I have made a note of the date, and I look forward to reading your post. The Japanese poetic forms I have come across require a lot of discipline. It is easy to admire haiku and tanka poets (for example) for their ability to convey so much with such a restricted framework.

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      • A standard tanka was found carved on a stone outside an ancient (even way back then in the Heian period). It had the extra line added to it. So, because of the shape of the stone and the tanka, it was given that name. It was extremely popular for a bit and then became obscure as people reverted to the standard tanka. One of the things I will briefly discuss will be haiku and senryu – people often call any short form haiku when it is not, oftentimes senryu – paternal twins as it were. I will give some forms and a brief description of them so it will not be so learned or long but I hope interested. At the Pretzel talks at the Poetics Pub, a pretzels post is a learning post and people will discuss via comments. I hope it will be interesting and not get too many people riled up with the brief discussion of haiku and senryu like the tanka and Bussokusekika. Two sets of paternal twins, close but no cigar. You are so observant and so keyed into natural beauty and the changing seasons, I think haiku would be a natural form for you. It’s a snapshot not a video of seasons changing is how I look at it. plus you are well acquainted with the Japanese culture. I’m going to briefly mention wabi sabi, mono no aware, and chinmouko.

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      • Thanks for all the info; very interesting. I look forward to reading your piece and the comments. Unfortunately, I’ve sprained my wrist so I won’t be doing much typing for a while but I can still do plenty of reading. Hopefully it will be better by the time your post is published.

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      • I hope so too! I am sorry to hear about your wrist and hope not much else was hurt. At least you can still read and take walks!

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      • I’m right-handed and it was my left hand that I injured. The rest of me is okay, thanks. Even so, it’s amazing how much of an impact it makes on the simplest tasks. Anyway, it’s feeling a bit better today; it only hurts when I move it, as opposed to hurting all the time. Thanks for your kind thoughts.

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      • Glad to hear this! I injured my wrist several years ago and worked (on the puter, filing, etc) with one hand. Lucky I’m ambidexterous but it was still hard.

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      • When I was little I wanted to be ambidextrous. I wanted to use my left hand, and even my toes(!), as well as my right hand but I guess it’s something that’s pretty hard-wired into our brains. My nanna was naturally left-handed but went to school during an era that wouldn’t tolerate that kind of thing – she got her knuckles rapped many times. She always said that that was why she was a bit funny in the head! My brother is left-handed, and I remember him writing from right to left in a kind of mirror writing. Not understanding that this was a problem as far as grown-ups were concerned, I was quite jealous.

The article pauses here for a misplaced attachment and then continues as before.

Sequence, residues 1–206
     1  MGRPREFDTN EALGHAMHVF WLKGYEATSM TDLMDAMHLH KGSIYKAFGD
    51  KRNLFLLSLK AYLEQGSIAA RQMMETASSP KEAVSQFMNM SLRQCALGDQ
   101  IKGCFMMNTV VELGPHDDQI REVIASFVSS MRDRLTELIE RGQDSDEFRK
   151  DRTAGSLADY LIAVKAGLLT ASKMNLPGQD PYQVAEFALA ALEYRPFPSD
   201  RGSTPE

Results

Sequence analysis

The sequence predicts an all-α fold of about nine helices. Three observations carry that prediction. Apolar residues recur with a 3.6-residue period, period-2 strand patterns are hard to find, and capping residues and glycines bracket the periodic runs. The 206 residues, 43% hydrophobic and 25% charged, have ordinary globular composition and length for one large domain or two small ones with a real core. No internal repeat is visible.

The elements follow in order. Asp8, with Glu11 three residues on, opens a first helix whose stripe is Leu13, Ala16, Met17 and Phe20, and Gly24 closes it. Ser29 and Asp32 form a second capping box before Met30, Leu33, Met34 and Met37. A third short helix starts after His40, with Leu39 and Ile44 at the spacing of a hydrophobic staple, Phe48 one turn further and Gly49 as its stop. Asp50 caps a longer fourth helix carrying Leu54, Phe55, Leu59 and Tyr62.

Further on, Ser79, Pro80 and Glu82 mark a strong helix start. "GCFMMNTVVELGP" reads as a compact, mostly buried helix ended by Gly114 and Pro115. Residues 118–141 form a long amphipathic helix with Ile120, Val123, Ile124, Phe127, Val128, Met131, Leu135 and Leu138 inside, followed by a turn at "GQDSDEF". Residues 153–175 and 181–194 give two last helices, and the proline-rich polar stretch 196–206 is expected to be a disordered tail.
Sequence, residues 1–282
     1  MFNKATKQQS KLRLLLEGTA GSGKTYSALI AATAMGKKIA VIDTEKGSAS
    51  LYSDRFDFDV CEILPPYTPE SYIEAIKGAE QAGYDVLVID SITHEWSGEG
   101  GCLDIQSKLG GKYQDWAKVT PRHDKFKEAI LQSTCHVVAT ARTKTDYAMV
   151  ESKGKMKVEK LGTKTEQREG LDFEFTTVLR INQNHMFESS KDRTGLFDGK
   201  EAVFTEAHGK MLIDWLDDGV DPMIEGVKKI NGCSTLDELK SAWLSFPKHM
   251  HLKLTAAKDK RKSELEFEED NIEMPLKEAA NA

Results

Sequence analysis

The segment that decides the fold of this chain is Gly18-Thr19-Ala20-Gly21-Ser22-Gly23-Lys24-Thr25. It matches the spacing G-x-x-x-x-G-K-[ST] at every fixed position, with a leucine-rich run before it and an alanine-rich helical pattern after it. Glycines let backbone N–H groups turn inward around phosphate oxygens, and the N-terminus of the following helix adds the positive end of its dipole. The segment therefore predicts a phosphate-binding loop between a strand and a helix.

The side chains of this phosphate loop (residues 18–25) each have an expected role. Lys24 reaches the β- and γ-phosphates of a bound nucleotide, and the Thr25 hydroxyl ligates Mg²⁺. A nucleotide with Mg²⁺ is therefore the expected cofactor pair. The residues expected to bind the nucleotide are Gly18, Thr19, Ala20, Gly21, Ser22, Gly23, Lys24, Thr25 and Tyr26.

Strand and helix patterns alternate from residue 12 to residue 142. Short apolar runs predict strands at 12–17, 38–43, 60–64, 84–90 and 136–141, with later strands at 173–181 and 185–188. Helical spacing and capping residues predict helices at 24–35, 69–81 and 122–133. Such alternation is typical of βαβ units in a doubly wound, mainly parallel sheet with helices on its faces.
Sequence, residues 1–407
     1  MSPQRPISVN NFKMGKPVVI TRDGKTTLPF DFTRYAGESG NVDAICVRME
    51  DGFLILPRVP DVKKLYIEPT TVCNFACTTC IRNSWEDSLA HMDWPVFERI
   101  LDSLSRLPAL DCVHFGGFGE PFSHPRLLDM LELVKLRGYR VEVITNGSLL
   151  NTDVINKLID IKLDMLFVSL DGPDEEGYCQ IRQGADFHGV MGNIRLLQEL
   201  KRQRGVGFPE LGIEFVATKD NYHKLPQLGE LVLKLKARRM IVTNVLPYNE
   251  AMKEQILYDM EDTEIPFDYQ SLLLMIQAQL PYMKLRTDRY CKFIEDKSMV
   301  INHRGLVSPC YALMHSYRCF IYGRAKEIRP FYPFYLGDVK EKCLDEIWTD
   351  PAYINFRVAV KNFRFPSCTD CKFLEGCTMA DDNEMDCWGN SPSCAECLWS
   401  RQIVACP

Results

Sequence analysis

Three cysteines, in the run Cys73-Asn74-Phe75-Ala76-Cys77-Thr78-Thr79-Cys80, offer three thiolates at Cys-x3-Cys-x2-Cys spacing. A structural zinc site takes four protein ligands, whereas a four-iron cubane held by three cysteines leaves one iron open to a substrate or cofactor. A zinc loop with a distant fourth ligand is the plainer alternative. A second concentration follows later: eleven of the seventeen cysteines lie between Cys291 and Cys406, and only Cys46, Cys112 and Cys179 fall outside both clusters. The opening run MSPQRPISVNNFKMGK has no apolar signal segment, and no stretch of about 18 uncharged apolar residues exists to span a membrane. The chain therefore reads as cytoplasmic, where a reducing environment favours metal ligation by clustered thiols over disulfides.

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      • Good for your brother! I did the same and once, when being punished for writing with my left hand when they knew full well I could use my right, I wrote backwards and upside down! I was sent to the principle’s office and a note sent home. My mother wrote on the note not to bother her with such nonsense. Ha!

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      • 😀 I like your mum!

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      • P.S. I found my tanka: https://anglosaxonceltcreates.wordpress.com/2015/02/17/a-glimpse/ I hope I didn’t make too much of a mockery of the form. I tried hard to get the 5-7-5-7-7 syllable count, but I didn’t do so well with the contrast in mood between the first three and last two lines, and so on. Still, I’m happy with it as a first attempt. 🙂

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  9. This one has actually made me a little envious (Very naughty of me, I am sure). When ‘I’ want to go for walks, I have to walk on the sides of paved roads, the sides themselves being quite dirty. Add to that the constant noise of vehicles, not to mention the smoke! Sadly, plenty of Accidents take place too! Even fatal ones! Sigh! …And I am supposed to be living in a village!

    Just Huffing and Puffing a bit. Don’t mind me! Love. 🙂